Acute effects: Short-term exposure to high levels of lead can result in abdominal pain, constipation, cramps, nausea, vomiting and weight loss, reduced liver function, renal damage and neurological effects. In children, developmental defects -- including learning disabilities, lowered IQ, and behavioural abnormalities -- can occur without symptoms at blood lead levels above 10 micrograms/decilitre. At greater levels of exposure, headache, fatigue, irritability and malaise may occur. At high levels, encephalopathy, seizures and focal neurologic findings with imminent risk of death, permanent mental retardation and motor deficits may occur.
"Physical signs can be facial pallor, malnutrition, abdominal tenderness and pallor of the eye grounds."
Chronic effects: Lead is eliminated slowly from the body; its half-life in the blood is approximately one month for adults and 10 months for young children. Low level, long-term exposure can result in an increased body burden. Chronic exposure can adversely effect the kidney and the cardiovascular, immune, reproductive and central nervous systems. Symptoms often include weakness, weight loss, lassitude, insomnia, hypertension and disturbance of the gastrointestinal tract (constipation, anorexia, and abdominal discomfort or colic). Physical signs can be facial pallor, malnutrition, abdominal tenderness and pallor of the eye grounds. In children, chronic exposure can negatively impact the neurological, neurobehavioral and developmental systems and may result in decreased hearing acuity, growth retardation, decreased IQ performance and impaired mental development.
Carcinogenicity: The US EPA classifies lead as a Group B2 "probable human carcinogen" based on results of animal bioassays. The International Agency for Research on Cancer classifies lead and inorganic lead compounds as a Group 2B "possibly carcinogenic to humans."
Reproductive toxicity: Reproductive effects in men include reduced sperm count and abnormal sperm. In women, reduced fertility can occur. Lead can be transferred transplacentally and can result in reduced birth weight, reduced apparent gestational age and increased incidence of still birth and neonatal death.
Quick reference index
Description -- Lead is a naturally occurring non-ferrous element found within the earth's crust. It is a bluish-grey metal that's highly malleable and ductile. Rarely found pure in the environment, it is found in both organic and inorganic compounds (e.g., lead acetate, lead subacetate, lead dioxide, lead azide and lead chromate). Elemental lead is soluble in nitric acid and hot concentrated sulphuric acid and dissolves slowly in water that contains a weak acid. Lead salts are insoluble in water.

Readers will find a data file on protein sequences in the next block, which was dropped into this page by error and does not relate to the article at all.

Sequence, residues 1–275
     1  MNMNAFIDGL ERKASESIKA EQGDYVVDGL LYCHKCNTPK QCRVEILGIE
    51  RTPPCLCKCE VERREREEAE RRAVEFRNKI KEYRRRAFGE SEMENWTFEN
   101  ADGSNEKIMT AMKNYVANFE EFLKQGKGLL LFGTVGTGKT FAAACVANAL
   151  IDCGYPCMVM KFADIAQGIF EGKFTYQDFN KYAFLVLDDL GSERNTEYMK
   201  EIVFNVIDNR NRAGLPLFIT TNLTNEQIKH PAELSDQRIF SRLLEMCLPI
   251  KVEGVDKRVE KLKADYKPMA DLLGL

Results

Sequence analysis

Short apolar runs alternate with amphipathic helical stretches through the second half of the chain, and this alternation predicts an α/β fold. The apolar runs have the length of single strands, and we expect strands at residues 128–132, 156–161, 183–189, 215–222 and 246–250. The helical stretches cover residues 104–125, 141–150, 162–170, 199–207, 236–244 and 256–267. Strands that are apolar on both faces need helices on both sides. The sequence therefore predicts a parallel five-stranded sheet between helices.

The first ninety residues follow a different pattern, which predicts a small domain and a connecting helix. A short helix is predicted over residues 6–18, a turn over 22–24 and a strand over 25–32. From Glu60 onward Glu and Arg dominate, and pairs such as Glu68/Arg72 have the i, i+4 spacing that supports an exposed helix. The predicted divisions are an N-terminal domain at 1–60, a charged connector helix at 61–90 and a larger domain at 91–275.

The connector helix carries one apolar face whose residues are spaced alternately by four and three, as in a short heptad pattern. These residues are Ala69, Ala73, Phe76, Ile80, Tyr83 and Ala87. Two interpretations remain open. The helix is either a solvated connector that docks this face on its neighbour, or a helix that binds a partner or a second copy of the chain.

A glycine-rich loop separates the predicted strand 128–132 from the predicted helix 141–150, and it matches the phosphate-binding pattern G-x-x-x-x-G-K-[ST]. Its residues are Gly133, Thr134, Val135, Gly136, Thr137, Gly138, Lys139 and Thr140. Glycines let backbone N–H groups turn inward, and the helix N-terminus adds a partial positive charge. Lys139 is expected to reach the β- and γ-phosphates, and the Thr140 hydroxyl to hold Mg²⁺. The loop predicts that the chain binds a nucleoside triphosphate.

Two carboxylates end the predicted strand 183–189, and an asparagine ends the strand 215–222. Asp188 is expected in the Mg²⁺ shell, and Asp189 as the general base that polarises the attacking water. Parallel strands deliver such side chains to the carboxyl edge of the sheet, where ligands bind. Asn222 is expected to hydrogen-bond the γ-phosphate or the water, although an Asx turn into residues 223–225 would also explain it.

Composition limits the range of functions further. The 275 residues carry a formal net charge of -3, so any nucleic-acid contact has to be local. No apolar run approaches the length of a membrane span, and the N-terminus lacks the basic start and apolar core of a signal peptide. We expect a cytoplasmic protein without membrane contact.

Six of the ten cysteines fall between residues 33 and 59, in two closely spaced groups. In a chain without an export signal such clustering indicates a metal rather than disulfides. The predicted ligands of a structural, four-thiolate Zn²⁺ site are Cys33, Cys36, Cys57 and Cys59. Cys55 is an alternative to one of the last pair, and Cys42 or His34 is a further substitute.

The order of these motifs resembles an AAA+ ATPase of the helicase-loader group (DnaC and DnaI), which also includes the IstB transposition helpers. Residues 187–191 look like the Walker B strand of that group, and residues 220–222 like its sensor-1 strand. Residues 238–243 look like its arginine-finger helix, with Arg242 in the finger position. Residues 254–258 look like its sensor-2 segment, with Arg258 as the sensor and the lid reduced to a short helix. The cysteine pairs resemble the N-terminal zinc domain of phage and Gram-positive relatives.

Use -- Lead is used to manufacture batteries, chemicals, paint, various metal products (e.g., sheet lead, solder and pipes) and ammunition. The amount of lead used in many products has been reduced due to potentially harmful health effects. The use of lead in gasoline was eliminated in North America in 1990. An estimated 70 per cent of lead used in the US is considered recyclable. Over 90 per cent of lead used to manufacture lead-acid batteries is recycled and converted to impure lead and lead alloys.
Sources -- Principle natural sources of lead are from lead-bearing rocks and volcanic emissions. Anthropogenic releases occur during the mining and smelting of lead-bearing ores, iron and steel production and the incineration of municipal waste. Lead is also released into the environment by products such as lead plumbing and solder, cigarettes, paints and ceramic glazes.
Exposure -- Exposure occurs primarily through inhalation and ingestion (drinking water and eating soil or foods that contain lead). For children, swallowing non-food items such as chips of lead-containing paint is an additional source of exposure. Minor amounts enter the body dermally. The major source of exposure to lead is variable and depends on many factors including occupation and the presence of leaded paints, plumbing and steel industries or hazardous waste sites in an environment.
Useful regulatory information
|WHO||Acceptable Daily Intake||3 mg/kg (adult)|
|Drinking Water Guideline Value||0.01 mg/L|
|Health Canada||Maximum Acceptable Concentration Drinking Water (MAC)||0.010 mg/L|
|US EPA||Drinking Water Maximum Contaminant Level (MCL)|| (treatment technique|
|NIOSH||Recommended Exposure Limit - TWA (10 hr. work shift)||(for metallic lead,||lead oxides)|
|OSHA||Permissible Exposure Limit - TWA (PEL-TWA)||inorganic lead and|
|organic compounds||called soaps)|
|Ontario||1/2 - hour Point of Impingement Criterion (POI)||6 µg/m3|
|Ministry of||24 - hour Ambient Air Quality Criterion (AAQC)||6 µg/m3|
|Environment||Drinking Water MAC||0.01 mg/L|
|ACGIH||Threshold Limit Value - Time Weighted Average||(for metallic lead,||(TLV - TWA) (8-Hr. work shift)||inorganic compounds)|